The life struggles and successes of the migrant construction worker in Accra, Ghana
Globally, the construction sector employs several millions of migrants and is a major entry point for rural-urban migrants into the urban labour force. Its role in sustaining livelihoods both at origin and destination is critical in the development process. This paper provides an empirical assessment of the livelihood struggles of the construction worker in Accra by examining the nature of the job, challenges and fulfilment of expectations. It draws mainly on qualitative data from individual interviews of migrants in the destinations and their families in the origin. The findings show that the construction sector is a better paying sector than many others, but can be classified as precarious work due to the multiple dangers and insecurities associated with it. Segregation between skill-based and non-skilled work defines the fortunes of workers, as those with skills have higher incomes and prospects for social mobility. Very few women work in this sector due to the socialisation effects of the patriarchal systems in Ghana. The casualization of labour due to neoliberal policies and the informalisation of the private housing sector mean lower welfare benefits to workers and insecurity in old age due to non-payment of social security deductions. Migrants serve as an important conduit for redistributing wealth from richer spaces to poorer spaces, and should therefore be supported in achieving their developmental objectives.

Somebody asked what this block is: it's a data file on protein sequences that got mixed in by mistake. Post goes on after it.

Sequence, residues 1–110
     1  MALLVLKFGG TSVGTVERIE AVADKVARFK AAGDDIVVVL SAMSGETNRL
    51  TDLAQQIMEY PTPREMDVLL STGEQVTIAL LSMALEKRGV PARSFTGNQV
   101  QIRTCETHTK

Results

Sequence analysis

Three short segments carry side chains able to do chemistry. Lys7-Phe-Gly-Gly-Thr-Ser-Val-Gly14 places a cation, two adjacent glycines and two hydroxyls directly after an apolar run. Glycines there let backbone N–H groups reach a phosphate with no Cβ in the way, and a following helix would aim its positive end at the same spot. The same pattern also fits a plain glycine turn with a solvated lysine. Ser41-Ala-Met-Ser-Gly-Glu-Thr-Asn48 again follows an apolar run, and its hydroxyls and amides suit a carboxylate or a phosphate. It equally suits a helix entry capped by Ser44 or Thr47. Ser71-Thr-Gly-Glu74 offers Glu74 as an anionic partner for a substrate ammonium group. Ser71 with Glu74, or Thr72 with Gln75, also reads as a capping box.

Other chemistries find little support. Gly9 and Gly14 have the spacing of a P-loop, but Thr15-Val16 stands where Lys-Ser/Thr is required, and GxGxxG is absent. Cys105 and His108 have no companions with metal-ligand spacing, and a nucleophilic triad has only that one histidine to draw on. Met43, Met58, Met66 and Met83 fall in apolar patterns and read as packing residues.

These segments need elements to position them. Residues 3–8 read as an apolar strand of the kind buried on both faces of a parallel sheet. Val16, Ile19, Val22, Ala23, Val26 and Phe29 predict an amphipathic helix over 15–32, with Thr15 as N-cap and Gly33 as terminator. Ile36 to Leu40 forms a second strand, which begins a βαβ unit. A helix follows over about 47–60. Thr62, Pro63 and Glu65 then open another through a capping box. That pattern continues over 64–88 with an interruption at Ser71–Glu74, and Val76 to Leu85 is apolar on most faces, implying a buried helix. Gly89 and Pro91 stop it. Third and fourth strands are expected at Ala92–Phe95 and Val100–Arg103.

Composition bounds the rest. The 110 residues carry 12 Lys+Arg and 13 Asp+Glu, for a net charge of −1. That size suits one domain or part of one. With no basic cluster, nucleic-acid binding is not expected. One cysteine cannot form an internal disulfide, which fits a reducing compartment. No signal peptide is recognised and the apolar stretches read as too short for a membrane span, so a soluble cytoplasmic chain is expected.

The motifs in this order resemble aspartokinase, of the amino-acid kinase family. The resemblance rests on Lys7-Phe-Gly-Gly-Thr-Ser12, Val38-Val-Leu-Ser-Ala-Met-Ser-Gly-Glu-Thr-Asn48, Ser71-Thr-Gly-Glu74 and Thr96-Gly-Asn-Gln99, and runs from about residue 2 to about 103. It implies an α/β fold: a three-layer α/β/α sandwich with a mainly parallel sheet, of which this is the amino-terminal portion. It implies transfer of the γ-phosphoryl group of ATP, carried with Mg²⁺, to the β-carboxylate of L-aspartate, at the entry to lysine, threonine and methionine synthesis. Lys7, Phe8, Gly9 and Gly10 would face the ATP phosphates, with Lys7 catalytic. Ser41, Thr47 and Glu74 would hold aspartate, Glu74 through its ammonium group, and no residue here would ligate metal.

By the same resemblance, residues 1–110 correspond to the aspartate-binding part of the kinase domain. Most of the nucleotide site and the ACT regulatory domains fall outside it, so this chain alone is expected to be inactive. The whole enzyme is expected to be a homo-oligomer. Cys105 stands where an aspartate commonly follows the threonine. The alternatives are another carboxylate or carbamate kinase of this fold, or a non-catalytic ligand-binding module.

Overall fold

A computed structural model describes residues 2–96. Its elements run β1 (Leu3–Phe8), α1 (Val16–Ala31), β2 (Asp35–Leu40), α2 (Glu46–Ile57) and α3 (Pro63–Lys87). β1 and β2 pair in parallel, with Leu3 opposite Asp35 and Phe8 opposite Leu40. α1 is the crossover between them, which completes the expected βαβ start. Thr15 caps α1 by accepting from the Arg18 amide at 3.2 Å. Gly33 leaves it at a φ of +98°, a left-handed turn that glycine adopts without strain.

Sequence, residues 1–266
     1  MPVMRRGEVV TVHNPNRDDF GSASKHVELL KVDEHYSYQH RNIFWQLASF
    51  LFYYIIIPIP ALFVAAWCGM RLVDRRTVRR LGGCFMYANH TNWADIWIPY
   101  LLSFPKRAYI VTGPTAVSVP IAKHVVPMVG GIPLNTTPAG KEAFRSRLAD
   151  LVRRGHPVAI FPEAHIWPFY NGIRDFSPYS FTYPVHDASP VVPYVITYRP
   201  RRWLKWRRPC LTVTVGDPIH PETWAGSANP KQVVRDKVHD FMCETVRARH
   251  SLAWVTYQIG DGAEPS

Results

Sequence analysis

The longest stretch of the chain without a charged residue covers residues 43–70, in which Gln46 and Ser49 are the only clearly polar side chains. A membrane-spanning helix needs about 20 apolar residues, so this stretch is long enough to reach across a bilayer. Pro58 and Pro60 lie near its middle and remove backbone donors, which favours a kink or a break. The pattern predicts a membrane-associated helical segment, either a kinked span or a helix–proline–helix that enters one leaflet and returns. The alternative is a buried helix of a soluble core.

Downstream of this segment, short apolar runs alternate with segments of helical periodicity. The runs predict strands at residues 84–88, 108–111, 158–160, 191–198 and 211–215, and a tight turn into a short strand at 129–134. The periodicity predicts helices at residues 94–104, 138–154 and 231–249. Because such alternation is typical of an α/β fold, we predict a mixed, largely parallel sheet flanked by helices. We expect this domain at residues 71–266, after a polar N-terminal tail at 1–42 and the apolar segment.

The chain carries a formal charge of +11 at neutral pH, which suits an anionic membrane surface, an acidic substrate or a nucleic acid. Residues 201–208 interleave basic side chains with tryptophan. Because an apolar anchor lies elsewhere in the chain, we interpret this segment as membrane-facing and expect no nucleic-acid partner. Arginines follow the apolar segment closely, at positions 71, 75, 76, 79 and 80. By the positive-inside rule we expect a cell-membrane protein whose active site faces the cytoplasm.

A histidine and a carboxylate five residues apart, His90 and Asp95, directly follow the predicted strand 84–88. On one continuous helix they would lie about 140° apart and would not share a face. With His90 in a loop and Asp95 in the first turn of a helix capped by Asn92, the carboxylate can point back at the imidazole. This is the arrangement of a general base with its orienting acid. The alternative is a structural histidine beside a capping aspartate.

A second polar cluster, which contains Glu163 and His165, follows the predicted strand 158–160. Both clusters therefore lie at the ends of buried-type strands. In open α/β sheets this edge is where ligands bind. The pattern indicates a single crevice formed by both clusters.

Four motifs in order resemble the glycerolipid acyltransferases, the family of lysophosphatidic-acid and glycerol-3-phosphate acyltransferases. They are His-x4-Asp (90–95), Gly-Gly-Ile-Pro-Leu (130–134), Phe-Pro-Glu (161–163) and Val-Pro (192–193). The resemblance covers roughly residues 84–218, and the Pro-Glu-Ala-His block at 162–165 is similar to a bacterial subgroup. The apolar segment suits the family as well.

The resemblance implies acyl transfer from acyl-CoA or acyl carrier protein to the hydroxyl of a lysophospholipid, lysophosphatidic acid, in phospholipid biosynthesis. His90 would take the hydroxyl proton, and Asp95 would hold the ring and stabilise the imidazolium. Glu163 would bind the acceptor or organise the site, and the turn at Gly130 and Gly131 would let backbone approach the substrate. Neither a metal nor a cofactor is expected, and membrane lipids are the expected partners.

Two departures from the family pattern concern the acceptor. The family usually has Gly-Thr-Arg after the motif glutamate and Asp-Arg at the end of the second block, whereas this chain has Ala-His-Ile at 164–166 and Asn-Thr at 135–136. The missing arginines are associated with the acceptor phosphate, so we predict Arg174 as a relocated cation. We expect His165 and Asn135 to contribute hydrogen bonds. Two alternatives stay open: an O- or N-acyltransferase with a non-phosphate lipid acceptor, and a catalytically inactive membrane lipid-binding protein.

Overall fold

Keywords: construction worker; migration; casualization; Ghana; livelihoods